Nov 02, 2022
Several studies have found that businesses run more smoothly when they are led by women than when men are in charge. Even Kevin O'Leary, the famous investor from the show Shark Tank, has admitted that he favours investing in firms that women lead since those businesses generate higher returns. Comparatively, just 65% of the companies he had invested in were successful in meeting their financial goals.
In contrast, over 95% of women-led companies were successful. In addition, a survey by The Harris Poll suggests that fifty percent of American adults would like to work for a female boss. A recent study has shown that companies that women run are more likely to have engaged, motivated, and fulfilled employees than those that men run. It has been found that companies run by women benefit not only the company itself but also the employees working there.
There is mounting evidence, as suggested by several studies conducted over the past several years, that the presence of women in senior roles and on corporate boards can benefit a company's performance. According to these research findings, having more diversity in the C-suite is associated with higher profit margins, higher total earnings, and better returns to shareholders. According to a report published by Credit Suisse in 2016, "We find compelling evidence that organisations with a higher number of women in decision-making roles continue to earn higher returns on equity while operating more conservative balance sheets." "As a matter of fact, in organisations where women make up the majority of top management, those companies exhibit higher sales growth, high cash flow returns on investments, and reduced leverage."
Consider it a compliment the next time a male coworker tells you that you are "being too emotional," because emotional intelligence provides a person with a significant advantage in leadership roles. Emotionally intelligent CEOs know that business is both a personal endeavour and one founded on relationships. They realise that by actively nurturing these relationships, they can also grow their companies. To such an extent, recent studies have shown that women's emotional intelligence is largely responsible for their advancement into higher-level corporate positions.
Studies have shown that women are more likely to engage both hemispheres of their brains at the same time. According to the findings of these studies, women are more likely to be able to connect the two halves of their brains with greater ease. This means that women can think in a sequential, rational, and sequential manner while at the same time generating intuitive, holistic, and creative thought patterns. Because of this, women can use both hemispheres of their brains simultaneously, whereas men tend to use each hemisphere in turn.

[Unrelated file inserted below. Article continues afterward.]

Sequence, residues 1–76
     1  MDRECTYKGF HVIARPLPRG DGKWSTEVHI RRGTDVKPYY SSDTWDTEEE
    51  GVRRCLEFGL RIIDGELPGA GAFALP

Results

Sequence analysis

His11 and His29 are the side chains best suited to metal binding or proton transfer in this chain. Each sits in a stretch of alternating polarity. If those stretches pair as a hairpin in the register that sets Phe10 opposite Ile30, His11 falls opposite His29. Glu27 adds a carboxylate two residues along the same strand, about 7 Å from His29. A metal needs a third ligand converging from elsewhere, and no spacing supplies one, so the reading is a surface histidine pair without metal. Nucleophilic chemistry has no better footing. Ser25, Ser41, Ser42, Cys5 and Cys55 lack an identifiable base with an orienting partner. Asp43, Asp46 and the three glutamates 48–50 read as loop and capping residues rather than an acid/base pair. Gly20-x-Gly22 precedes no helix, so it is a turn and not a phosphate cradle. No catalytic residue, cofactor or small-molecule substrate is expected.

Women, on average, are more empathic and sensitive to the feelings of others than males are. This is not always the case, but it is generally the case. A new study used fMRI to analyse brain activity and revealed that female participants were more empathic to the suffering of others than male participants. Women tend to be nurturers, and this innate degree of caring often extends to the work they do and the companies and teams they are a part of.
Why does it seem to make a difference in a firm's performance to have gender diversity in its top leadership positions? Although the exact cause is unclear, most research agrees that women executives have access to diverse pipelines of skilled personnel and that integrating new voices into management roles can bring a fresh viewpoint. The studies also emphasise that even though it is typically more difficult for women to advance their careers into managerial jobs, those women who are successful in achieving this goal are among the most skilled.
According to Nordea's hypothesis, businesses doing well might be more open to hiring a female leader. In contrast, businesses that are doing poorly might prefer the "safe" option and appoint a man. However, Nordea stated, "It is also possible that women make more effective managers." When women deliver what they claim, it has a favourable influence on the share price, indicating that women may be more meticulous in their projections than men, which may be another reason women may outperform men in this area.
When considering investing in a firm, it goes without saying that the gender of executives in positions of power, such as the C-suite and the boardroom, should not be the primary consideration. However, an abundance of data suggests that it can play a positive role in enhancing business performance and perhaps putting more money in shareholders' pockets. [Case in point:] [Case in point:] [Case in point
In general, the findings indicate that women-run businesses are more successful than those led by males in achieving the requirements for total job satisfaction. It is crucial to emphasise that Peakon conducts regular polls of employees on various issues. Still, the company did not uncover any areas in which male-driven enterprises were superior to those managed by women.
Both groups had comparable scores in the remaining workplace areas, including peer relationships, management support, salary and rewards, employee growth, cultural fit, recognition, and workload. Both groups also received comparable scores. It is important to note that the variations in performance between organisations led by women and those led by males may be because industries that promote female executives may already be stronger in strategy and autonomy. Despite this, the preliminary data present a convincing case for the advantages of having a diverse leadership team.